The figure is molded mostly in a silvery grey plastic, and his markings
have a distinct mechanical look to them. The appearance of the head takes
a little getting used to, but overall, he's an excellent and interesting
figure.

Now let's turn our attention to the two females:

ACROELSA: Okay, She's pink, she's barefoot, her head is chrome pink, one
of her accessories is a changeable chrome-pink hairpiece that includes
little pig-tails, among her other accessories are cute little angel-like
arm wings, and her main accessory is a purple panther. And this is
supposed to be one of the villains.

Further proof that I will simply never understand the Japanese mindset.
Makes you wonder how they'd react to Doctor Doom or somebody else that
really looks vicious.

AcroElsa is easily one of the most distinctive MicroMan figures of the
modern line. Between her design and color scheme, she's one of the real
standouts. The figure is molded mostly in transparent pink plastic, with
a colorful and rather random overlay of opaque white that one person I
showed the figure to said made her look like she was made of bubble gum.
An odd comparison, perhaps, but not entirely inaccurate.

AcroElsa's main "accessory" is a robotic panther made in transparent
purple and chrome silver plastic. Here, the legendary articulation of the
line comes up a little short. Although the figure can move at the head,
neck, legs, feet, and tail, there's no articulation within the legs
themselves, such as knee joints. However, this might've been a little too
much to expect for what does amount to an accessory. It's still a very
cool part of the set.

Several parts can be exchanged between the panther and AcroElsa,
including the cat's "helmet" and, of all things, its tail.

AcroElsa is one of those figures where I really wish I could read
Japanese and get a better notion of her background. She certainly doesn't
look especially evil, but in any case, she's an excellent addition to the
overall line.

ACROPLANA: Then there's the really strange one. I have no desire to cause
insult, but when you advertise a female action figure as having a
proportionate 40" bust, and that figure certainly looks it, and glows in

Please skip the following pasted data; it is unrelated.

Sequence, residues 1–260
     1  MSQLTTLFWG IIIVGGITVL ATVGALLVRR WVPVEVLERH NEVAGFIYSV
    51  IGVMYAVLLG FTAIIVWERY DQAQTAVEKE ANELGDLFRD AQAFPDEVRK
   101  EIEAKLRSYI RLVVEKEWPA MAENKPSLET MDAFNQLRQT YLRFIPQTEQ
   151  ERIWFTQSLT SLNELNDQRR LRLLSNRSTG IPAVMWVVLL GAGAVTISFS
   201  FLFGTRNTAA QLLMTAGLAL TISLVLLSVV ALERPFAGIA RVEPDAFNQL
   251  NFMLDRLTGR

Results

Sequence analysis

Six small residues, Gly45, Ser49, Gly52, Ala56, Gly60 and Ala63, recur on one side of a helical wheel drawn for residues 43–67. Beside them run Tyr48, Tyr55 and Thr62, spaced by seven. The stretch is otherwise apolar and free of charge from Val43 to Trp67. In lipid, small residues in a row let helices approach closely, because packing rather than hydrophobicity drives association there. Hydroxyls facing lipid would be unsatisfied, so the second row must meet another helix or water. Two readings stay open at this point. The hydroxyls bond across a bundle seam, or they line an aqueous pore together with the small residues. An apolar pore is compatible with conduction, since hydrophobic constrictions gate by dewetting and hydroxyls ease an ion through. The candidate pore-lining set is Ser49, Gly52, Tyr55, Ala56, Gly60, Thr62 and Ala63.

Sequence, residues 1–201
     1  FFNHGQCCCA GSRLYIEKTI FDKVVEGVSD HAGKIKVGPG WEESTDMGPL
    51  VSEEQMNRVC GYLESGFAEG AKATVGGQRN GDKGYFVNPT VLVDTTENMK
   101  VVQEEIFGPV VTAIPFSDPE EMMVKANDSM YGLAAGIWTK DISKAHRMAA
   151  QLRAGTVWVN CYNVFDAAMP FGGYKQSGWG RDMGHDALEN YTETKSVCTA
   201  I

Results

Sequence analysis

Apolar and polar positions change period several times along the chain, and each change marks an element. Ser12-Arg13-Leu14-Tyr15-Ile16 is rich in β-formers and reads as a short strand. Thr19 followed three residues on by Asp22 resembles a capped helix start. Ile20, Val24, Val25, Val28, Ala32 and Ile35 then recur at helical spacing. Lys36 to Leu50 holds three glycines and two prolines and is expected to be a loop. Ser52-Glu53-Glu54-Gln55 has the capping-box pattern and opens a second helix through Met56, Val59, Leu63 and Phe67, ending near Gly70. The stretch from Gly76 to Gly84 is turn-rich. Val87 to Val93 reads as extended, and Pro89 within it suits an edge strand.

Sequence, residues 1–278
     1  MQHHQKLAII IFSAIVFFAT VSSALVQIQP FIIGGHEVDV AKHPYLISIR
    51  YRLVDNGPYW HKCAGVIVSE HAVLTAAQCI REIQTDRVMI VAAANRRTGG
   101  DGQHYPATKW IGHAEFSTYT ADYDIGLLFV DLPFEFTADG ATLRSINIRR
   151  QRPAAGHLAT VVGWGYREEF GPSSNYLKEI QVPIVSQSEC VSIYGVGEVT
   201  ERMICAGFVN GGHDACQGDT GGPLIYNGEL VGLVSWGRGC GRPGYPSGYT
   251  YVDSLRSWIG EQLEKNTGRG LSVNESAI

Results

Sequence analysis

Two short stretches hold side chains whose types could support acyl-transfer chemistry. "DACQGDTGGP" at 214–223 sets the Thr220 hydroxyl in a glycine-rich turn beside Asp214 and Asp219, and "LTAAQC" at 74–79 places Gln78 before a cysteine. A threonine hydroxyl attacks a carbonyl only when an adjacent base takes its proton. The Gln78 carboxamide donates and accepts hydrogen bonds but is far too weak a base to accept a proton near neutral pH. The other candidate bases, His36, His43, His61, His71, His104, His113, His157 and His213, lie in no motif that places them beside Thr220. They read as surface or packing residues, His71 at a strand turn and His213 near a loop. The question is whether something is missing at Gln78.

the dark as well, you sort of start wondering just how lonely and forlorn
the male sculptors at Takara must be.

The female figures in the modern MicroMan line have been a little more
variable in their construction than the males, anyway, at least until
AcroMedalg came around. There were several different bust sizes and foot
types. AcroElsa was the first to introduce bare feet. AcroPlana is the
first to introduce an upper torso that should probably be rated PG-13.

The rest of the figure is a bit strange, too. The head, molded in chrome
green, has two metallic appendages coming out of it, to which can be
attached any of the various weapons hanging off the belt the figure is
wearing. There are also several long tentacles that come packed with the
figure. Totally accessorized, AcroPlana would easily be the strangest-
looking yet of any of the modern MicroMan line.

And then there's the glow-in-the-dark feature. Basically the entire body,
except for the head, can glow, but some of this is blocked by the
paintwork. There's a certain amount of green and white detail on the figure.

Overall, AcroPlana is an interesting, but weird, addition to the Acroyears.

The MicroMan line continues to be highly impressive. Unfortunately, plans
to introduce the line to the United States in 2005 have been scaled back,
for reasons of which I am not certain. This is a shame, as there's quite
a bit of new product scheduled to come out, including another assortment
of the "heroic" Microman figures, with small vehicles, and a new
assortment of Acroyears called ACROYEAR AEX. I have no idea what that
stands for at this time, nor have I seen pictures as of this writing.

I'm still hopeful that there's some level of American release, as the
figures intended to be released over here were going to include a DVD
movie. Might finally get some origins and explanations from that.

Fortunately, as I said, the line is available through various online
sources, and at the moment, I can't think of a better-made and more
highly-articulated line in this scale. For anyone who appreciates really
well-made action figures, you can't go wrong with MicroMan, and this
latest assortment of the villainous ACROYEARS is certainly worth the
effort to obtain, and has my highest recommendation!